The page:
Uncle Boonmee Who Can Recall His Past Lives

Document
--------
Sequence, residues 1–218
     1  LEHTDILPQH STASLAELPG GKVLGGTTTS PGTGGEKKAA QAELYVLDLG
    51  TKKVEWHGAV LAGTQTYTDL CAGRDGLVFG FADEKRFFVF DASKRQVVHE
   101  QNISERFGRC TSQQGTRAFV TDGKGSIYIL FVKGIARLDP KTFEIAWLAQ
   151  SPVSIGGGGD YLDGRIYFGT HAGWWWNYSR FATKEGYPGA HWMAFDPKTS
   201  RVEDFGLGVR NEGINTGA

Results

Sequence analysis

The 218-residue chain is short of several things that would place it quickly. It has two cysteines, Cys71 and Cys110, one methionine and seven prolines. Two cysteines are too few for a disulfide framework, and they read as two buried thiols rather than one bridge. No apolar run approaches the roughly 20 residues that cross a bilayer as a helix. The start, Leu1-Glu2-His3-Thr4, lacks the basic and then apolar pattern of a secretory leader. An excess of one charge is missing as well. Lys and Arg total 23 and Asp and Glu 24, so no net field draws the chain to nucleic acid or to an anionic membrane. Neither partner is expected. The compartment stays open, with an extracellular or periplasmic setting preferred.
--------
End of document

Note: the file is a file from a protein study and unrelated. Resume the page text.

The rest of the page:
Uncle Boonmee is dying. Afflicted with kidney failure, he journeys back to his remote farm with his disabled sister-in-law, Jen, and young relative Tong. One night, the three outsiders are having dinner when Boonmee’s dead wife and disappeared son materialize to fill the empty seats. Boonmee’s wife Huay is a spirit who delivers messages from the grave like “Heaven is overrated. There’s nothing there.” She is only slightly more reassuring a presence than Boonsong, Boonmee’s son who is now a “monkey ghost,” all Bigfoot-like with flaring red eyes. As Boonmee expires, his possible alternate lives flash by: A water buffalo breaking away from a tree, only to be called back by its owner. A lovelorn princess, shorn of her looks, who mates with a talking catfish by a waterfall. Or a future, when authorities can make “past people” disappear by shining a light at them.Director Weerasethakul has spoken of how he made Uncle Boonmee in homage to bygone cinema and his late father. But the result is much more accessible and universal than that. Often times hilarious (The first question that greets Boonsong is “Why did you grow your hair so long?”), and always visually riveting, Uncle Boonmee may delve into the mysticism of past and double lives, but simply conveys the sensation of being alive. How we live, do what needs to be done, and then hope that something will still appear to go with us into that good night. More like a surreal dream experience than a film, you must experience this ecstatic vision at least once (twice or thrice if none of it actually makes sense to you the first time round). It is that entrancing.